Israeli and Chinese assistance is unconditional, and the Israelis have relaxed their previous convictions concerning their relations with these countries, whereas certain other countries apply extremist religious strictures when dealing with poorer countries and set all beliefs aside when dealing with the rich.
Eighth, in his proposals for a solution Al-Mahdi writes that only 4.5 per cent of Nile Basin water resources actually reach the Nile and that properly channelling the water that is dissipated in wetlands and swamps would increase this amount. This is an admission that Egypt and Sudan benefit from only 4.5 per cent of the river’s water resources and that 95.5 per cent is available to the source countries. Nevertheless, the upstream nations reject this division and refuse to factor in rainfall and the subterranean water resources regular replaced by rainfall in calculations of total water resources, insisting instead that quotas be worked out solely on the basis of the amount of water that flows between the Nile’s banks and reaches Sudan and Egypt.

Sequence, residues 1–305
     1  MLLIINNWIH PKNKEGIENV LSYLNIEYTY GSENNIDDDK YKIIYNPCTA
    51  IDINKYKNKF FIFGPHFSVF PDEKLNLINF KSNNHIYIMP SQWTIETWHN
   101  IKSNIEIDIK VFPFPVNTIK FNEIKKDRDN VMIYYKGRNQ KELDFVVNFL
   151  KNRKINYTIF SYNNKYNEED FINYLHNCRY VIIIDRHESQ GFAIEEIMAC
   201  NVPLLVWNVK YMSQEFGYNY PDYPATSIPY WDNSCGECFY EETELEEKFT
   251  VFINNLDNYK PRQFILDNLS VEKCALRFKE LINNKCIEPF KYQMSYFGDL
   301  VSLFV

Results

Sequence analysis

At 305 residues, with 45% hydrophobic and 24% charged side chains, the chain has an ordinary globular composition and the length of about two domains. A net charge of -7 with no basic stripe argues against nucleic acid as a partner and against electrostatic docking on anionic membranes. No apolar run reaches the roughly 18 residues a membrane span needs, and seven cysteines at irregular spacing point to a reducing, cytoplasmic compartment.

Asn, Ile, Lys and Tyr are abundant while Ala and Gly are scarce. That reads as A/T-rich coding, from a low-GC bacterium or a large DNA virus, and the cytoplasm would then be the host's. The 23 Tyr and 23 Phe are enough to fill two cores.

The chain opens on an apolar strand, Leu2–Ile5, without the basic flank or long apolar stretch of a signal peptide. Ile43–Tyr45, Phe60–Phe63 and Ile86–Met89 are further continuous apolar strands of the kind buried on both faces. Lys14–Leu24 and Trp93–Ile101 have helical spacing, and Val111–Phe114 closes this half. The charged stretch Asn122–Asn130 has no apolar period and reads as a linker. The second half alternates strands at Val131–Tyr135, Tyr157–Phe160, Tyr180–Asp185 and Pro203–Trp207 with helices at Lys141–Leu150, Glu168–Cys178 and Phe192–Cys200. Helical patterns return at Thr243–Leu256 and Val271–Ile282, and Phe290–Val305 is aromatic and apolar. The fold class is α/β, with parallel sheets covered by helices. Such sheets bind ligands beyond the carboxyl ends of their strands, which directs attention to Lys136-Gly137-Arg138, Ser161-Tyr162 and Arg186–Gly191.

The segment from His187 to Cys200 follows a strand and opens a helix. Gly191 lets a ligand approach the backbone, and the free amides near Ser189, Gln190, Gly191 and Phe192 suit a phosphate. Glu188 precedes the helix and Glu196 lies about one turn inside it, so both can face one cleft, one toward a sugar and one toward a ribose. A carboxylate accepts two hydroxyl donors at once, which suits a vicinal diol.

This overlooks the sources of the river in such lakes as Lakes Victoria, Kyoga, Albert, Edward and Tana, and the fact that neither Egypt nor Sudan has a share in these waters or their abundant sources of wealth. Oil has also been found beneath Lake Albert, triggering disputes between Congo and Uganda and possibly jeopardising the safety of the water of the Nile in the future.
When voicing his proposals, Al-Mahdi apparently forgets that the Entebbe Agreement on the Nile explicitly states that the water in the wetlands is exclusively the property of the countries in which they are located and that these countries are responsible for preserving the ecological balance and diversity there. Clearly, the purpose of this provision was to block any possibility for Egypt and Sudan to tap the waters of the Sudd and Mashar Wetlands in South Sudan, or the marshes around Lakes Kyoga, Albert and Edward, or the marshes in the Bahr Al-Arab and Bahr Al-Ghazal in Sudan.